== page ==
is Jackie Pilossoph's dating and relationships column, published weekly in Better Magazine
(previously in Chicago Tribune Pioneer Press)
By Jackie Pilossoph, May 4, 2016
I grew up with one of those really attractive moms, the kind where you bring your boyfriend home and his jaw drops when he sees her for the first time, leaving you standing there feeling like an ugly duckling. I'm not lying, just ask my two sisters. They feel the same way.
So when I became a mom, I had an appreciation for the effort I think my mom made (and still does) to be a caring, nurturing and loving mother of four, while at the same time being her own person by taking care of herself and enjoying a life that included things besides her kids.
By Jackie Pilossoph, April 27, 2016
Although I was a huge Prince fan during the 1980s, he sort of dropped off my radar after his "Purple Rain" album and movie, with the exception of his bizarre name change – The Artist (Formerly Known As Prince) – and his Super Bowl performance in 2007, which I thought was amazing.
So when I heard about Prince's death, I was extremely curious to learn more about him. This led to my viewing of several Prince documentaries and reading countless articles online, where I learned a lot.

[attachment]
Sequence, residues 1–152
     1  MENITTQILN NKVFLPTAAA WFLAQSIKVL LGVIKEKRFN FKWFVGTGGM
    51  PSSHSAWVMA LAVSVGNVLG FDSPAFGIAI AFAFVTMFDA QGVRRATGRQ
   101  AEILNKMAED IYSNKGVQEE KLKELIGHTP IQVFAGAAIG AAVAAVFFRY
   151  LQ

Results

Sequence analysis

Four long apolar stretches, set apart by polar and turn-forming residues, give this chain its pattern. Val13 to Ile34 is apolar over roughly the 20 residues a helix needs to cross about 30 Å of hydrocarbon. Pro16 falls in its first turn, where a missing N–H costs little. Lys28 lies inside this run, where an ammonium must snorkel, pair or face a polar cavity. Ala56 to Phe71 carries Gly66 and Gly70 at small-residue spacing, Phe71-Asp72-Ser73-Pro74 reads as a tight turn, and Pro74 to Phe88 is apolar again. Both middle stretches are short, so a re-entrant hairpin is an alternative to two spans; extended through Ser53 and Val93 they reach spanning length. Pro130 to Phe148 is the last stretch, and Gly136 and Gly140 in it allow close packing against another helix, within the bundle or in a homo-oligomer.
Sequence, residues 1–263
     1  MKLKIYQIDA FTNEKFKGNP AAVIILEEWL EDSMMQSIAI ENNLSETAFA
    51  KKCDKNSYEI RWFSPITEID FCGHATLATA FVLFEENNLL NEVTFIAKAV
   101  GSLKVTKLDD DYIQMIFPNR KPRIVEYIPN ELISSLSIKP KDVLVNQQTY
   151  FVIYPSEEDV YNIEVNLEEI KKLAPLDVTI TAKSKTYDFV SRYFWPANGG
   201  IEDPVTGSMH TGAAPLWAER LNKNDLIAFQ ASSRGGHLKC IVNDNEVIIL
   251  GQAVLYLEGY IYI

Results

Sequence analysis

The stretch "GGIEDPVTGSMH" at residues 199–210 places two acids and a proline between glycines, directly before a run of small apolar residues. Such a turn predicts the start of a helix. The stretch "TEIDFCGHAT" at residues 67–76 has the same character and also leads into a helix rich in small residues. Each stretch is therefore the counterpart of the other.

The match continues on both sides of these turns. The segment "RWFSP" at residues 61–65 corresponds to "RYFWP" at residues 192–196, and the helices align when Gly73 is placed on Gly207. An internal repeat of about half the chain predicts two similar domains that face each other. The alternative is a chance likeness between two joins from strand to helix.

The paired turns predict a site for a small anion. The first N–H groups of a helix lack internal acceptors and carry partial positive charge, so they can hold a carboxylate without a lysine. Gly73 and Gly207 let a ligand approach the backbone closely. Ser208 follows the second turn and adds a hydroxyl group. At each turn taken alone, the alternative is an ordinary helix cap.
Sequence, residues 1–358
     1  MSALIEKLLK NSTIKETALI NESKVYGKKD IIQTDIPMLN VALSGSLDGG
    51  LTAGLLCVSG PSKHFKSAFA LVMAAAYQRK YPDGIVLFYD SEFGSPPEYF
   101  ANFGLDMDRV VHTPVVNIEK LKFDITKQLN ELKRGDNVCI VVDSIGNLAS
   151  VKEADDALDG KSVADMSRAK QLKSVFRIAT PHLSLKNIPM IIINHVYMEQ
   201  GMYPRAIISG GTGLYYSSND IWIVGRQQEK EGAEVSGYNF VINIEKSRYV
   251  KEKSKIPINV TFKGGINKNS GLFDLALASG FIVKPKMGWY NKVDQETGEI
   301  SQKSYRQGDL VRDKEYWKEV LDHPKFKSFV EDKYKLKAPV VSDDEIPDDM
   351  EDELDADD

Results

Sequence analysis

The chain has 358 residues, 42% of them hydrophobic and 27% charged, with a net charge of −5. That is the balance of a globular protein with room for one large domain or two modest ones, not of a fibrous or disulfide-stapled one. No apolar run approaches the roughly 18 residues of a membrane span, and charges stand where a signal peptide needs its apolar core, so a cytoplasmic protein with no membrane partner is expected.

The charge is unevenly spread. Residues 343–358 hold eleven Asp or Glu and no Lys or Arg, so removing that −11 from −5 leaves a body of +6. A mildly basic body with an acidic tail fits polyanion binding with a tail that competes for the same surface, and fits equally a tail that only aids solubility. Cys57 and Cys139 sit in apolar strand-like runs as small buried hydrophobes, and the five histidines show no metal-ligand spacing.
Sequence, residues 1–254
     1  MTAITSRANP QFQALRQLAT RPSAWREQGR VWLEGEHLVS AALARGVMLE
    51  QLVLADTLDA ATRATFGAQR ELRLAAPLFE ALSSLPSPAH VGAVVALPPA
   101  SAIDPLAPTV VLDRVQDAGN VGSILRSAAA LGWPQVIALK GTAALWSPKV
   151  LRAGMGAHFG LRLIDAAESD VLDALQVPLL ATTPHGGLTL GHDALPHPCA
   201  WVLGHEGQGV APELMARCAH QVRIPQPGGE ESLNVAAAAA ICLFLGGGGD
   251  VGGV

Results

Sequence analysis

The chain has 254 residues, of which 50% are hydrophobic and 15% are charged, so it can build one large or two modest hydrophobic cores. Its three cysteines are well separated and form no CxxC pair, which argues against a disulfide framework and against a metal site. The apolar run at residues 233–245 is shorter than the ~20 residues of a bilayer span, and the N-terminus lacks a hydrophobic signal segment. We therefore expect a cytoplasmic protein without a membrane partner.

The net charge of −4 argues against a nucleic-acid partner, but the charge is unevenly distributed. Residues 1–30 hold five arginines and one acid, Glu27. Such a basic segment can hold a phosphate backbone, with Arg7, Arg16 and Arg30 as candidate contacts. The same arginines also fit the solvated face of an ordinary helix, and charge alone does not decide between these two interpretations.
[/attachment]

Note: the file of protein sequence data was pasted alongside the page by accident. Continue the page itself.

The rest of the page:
By Jackie Pilossoph, April 21, 2016
I'm a little embarrassed to confess that I love the HBO series "Girls," given that the highly provocative comedy about four 20-something girlfriends living, working and dating in New York City offers jaw dropping sex scenes, infuriatingly flawed characters and storylines that are similar to watching a car crash.
That said, the recent season finale caused me to think about something that is truly significant in romantic relationships: forgiveness.
By Jackie Pilossoph, April 14, 2016
Last Friday night, I had the pleasure of sitting on the panel of experts for "The Great Love Debate," a national touring show that had a Chicago stop at the Greenhouse Theater Center in Lincoln Park.
Facilitated by the show's host and producer, Brian Howie, along with four other panelists, a crowd of men and women discussed and debated dating, relationships and love. To say there were a few noteworthy differences in the way men and women viewed things is putting it mildly.